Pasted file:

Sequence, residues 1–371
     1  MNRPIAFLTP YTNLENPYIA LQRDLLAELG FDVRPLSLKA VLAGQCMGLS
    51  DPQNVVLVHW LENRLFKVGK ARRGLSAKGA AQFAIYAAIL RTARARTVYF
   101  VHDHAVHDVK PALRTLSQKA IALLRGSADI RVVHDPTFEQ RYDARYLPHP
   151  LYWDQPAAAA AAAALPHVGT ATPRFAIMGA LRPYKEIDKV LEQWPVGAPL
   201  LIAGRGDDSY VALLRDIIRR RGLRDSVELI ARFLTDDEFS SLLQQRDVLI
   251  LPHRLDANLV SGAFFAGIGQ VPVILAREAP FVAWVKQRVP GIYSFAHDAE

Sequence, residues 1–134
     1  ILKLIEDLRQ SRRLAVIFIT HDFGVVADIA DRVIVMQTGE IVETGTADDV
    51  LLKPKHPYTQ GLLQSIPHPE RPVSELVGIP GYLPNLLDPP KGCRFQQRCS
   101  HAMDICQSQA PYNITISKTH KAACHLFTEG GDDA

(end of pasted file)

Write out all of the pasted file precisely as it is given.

Sequence, residues 1–371
     1  MNRPIAFLTP YTNLENPYIA LQRDLLAELG FDVRPLSLKA VLAGQCMGLS
    51  DPQNVVLVHW LENRLFKVGK ARRGLSAKGA AQFAIYAAIL RTARARTVYF
   101  VHDHAVHDVK PALRTLSQKA IALLRGSADI RVVHDPTFEQ RYDARYLPHP
   151  LYWDQPAAAA AAAALPHVGT ATPRFAIMGA LRPYKEIDKV LEQWPVGAPL
   201  LIAGRGDDSY VALLRDIIRR RGLRDSVELI ARFLTDDEFS SLLQQRDVLI
   251  LPHRLDANLV SGAFFAGIGQ VPVILAREAP FVAWVKQRVP GIYSFAHDAE

Sequence, residues 1–134
     1  ILKLIEDLRQ SRRLAVIFIT HDFGVVADIA DRVIVMQTGE IVETGTADDV
    51  LLKPKHPYTQ GLLQSIPHPE RPVSELVGIP GYLPNLLDPP KGCRFQQRCS
   101  HAMDICQSQA PYNITISKTH KAACHLFTEG GDDA